And with most municipalities working on a tiered-response system, the problem is passed down to firefighters, who may be called out for improperly assigned calls.

Dreyer describes Ontario’s system, known as the Dispatch Priority Card Index (DPCI), as a “home-grown product” that has “surpassed its usefulness.”

“If you want a Ferrari, you don’t start building it yourself with parts from Ford,” says Dreyer, adding that many physicians in Ontario have concerns about the DPCI

But changes are underway at all provincial dispatch centres. And ministry spokesperson Mark Nesbitt says it’s a goal to learn from past mistakes and prevent future such events. Last year, 28 investigations were launched into land ambulance dispatch-related matters out of about 1.5 million calls. “As in any organization, human error will occur despite sophisticated quality assurance and other related programs,” says Nesbitt.

An enhanced DPCI system has been operational at Hamilton’s CACC since August 2008. A pilot project is also ongoing at Niagara’s CACC.

“Initial operational results of DPCI II are very positive,” says ministry spokesperson Andrew Morrison.

“Consistent with the ministry’s commitment to continual improvement of its business practices, the current dispatch system is being upgraded together with a quality assurance program.”

These improvements have been gradual since the auditor general identified deficiencies in Ontario’s dispatch system in 2000 and again in 2005. 

“We were concerned with the number of issues with respect to ambulance dispatch,” says Ontario’s auditor general, Jim McCarter.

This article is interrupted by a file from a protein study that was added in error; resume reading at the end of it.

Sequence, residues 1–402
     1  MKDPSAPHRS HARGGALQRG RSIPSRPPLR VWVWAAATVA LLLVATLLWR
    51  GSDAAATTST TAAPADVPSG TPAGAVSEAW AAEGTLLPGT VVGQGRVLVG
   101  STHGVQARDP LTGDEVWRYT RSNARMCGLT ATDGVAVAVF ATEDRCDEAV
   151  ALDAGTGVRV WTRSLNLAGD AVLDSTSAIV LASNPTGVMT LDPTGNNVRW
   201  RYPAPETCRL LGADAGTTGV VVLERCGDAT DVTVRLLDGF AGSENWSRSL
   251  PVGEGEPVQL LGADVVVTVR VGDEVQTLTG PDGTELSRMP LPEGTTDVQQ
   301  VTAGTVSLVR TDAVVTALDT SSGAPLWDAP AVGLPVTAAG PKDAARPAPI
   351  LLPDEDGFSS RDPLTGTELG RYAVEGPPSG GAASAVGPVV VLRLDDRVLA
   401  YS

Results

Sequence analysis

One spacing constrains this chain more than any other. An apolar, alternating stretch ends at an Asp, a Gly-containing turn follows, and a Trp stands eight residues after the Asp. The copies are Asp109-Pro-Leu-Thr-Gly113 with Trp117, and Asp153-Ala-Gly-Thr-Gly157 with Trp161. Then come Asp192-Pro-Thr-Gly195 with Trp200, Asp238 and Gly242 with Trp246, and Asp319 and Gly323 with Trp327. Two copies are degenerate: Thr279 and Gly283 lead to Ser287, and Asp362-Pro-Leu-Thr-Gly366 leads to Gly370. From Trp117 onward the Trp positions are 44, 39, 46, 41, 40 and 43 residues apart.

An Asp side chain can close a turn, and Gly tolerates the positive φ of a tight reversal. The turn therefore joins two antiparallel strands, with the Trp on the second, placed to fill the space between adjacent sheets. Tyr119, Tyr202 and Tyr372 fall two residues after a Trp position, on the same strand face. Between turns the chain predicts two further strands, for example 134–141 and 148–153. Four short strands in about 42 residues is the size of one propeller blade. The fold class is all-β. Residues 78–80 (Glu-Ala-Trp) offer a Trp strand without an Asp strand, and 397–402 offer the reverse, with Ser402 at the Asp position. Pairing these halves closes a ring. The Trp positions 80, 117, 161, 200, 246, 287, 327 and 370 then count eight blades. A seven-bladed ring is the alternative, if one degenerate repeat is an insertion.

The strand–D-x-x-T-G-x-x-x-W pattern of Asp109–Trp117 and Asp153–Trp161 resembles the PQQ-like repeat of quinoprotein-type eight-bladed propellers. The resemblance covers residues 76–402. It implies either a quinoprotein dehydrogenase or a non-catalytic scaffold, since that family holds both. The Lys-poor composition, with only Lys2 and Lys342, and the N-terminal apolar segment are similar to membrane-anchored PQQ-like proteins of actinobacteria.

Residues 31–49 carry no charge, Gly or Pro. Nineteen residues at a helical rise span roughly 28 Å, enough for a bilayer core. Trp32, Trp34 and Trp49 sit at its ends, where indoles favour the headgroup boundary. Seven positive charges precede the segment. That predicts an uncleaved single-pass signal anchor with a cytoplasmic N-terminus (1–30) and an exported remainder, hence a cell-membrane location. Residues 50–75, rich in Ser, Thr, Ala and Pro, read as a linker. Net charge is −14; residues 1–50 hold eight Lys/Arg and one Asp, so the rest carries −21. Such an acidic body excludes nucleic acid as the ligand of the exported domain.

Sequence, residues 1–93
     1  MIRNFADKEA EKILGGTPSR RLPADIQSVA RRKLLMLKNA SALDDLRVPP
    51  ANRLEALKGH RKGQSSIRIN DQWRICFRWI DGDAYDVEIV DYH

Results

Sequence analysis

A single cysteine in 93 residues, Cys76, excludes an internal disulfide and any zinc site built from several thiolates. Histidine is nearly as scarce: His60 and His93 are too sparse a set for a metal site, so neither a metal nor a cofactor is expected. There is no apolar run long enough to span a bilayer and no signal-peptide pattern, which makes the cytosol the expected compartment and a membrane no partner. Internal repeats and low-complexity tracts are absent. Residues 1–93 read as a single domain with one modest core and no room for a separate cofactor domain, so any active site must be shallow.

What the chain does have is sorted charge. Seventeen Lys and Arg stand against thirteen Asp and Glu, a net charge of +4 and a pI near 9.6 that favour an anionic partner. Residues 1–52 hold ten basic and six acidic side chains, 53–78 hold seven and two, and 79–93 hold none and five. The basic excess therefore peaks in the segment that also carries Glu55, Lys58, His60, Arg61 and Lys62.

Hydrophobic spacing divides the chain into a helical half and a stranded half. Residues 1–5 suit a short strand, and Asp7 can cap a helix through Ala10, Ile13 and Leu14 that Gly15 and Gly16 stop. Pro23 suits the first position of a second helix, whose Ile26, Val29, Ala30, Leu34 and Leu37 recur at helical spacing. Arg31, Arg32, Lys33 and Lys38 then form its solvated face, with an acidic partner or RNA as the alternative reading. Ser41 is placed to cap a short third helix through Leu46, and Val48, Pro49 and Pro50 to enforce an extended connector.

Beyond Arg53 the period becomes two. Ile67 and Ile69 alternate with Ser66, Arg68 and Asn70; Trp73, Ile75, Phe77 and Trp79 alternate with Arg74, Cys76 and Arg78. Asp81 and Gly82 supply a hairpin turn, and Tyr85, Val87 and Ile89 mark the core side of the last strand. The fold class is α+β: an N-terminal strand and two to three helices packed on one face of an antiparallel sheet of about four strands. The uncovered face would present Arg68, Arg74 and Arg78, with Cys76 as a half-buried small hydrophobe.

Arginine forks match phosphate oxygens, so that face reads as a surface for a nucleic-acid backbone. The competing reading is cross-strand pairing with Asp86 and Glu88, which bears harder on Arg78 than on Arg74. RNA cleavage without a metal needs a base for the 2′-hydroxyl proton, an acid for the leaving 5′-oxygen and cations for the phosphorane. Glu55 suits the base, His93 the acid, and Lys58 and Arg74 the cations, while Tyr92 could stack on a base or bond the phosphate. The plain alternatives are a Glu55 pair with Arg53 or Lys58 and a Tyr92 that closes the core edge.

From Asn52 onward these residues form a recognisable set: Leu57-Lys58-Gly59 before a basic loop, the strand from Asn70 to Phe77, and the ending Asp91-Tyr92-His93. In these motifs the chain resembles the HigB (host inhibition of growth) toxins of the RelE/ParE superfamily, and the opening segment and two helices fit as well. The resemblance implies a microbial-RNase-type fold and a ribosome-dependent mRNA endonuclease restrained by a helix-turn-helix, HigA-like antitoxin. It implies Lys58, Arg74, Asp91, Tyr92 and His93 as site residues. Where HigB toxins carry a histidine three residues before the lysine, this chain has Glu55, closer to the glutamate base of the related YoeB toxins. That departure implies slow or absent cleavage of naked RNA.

He says the ministry dumped a lot of money into its land-ambulance service — almost doubling its costs over four years — but was still not meeting response time standards.

“Ambulance response times increased in about 44 per cent of municipalities between 2000 and 2004, even though the ministry had provided about $30 million in additional funding,” he notes in his 2005 report, the last provincial audit on ambulance service.

D’Angelo, now director of a regional base hospital program in Hamilton, is attempting to help the province determine the best communication system for Ontario after growing frustrated with the province’s lack of quick action.
“We have had a problem for eight years and nobody was fixing it,” he says. 

D’Angelo has prepared extensive research on the issue (http://www.county.oxford.on.ca/site/2871/default.aspx), comparing Ontario’s dispatch system with that used elsewhere in Canada and abroad. 

For example, in Nova Scotia, paramedics are notified in less than two minutes, 90 per cent of the time.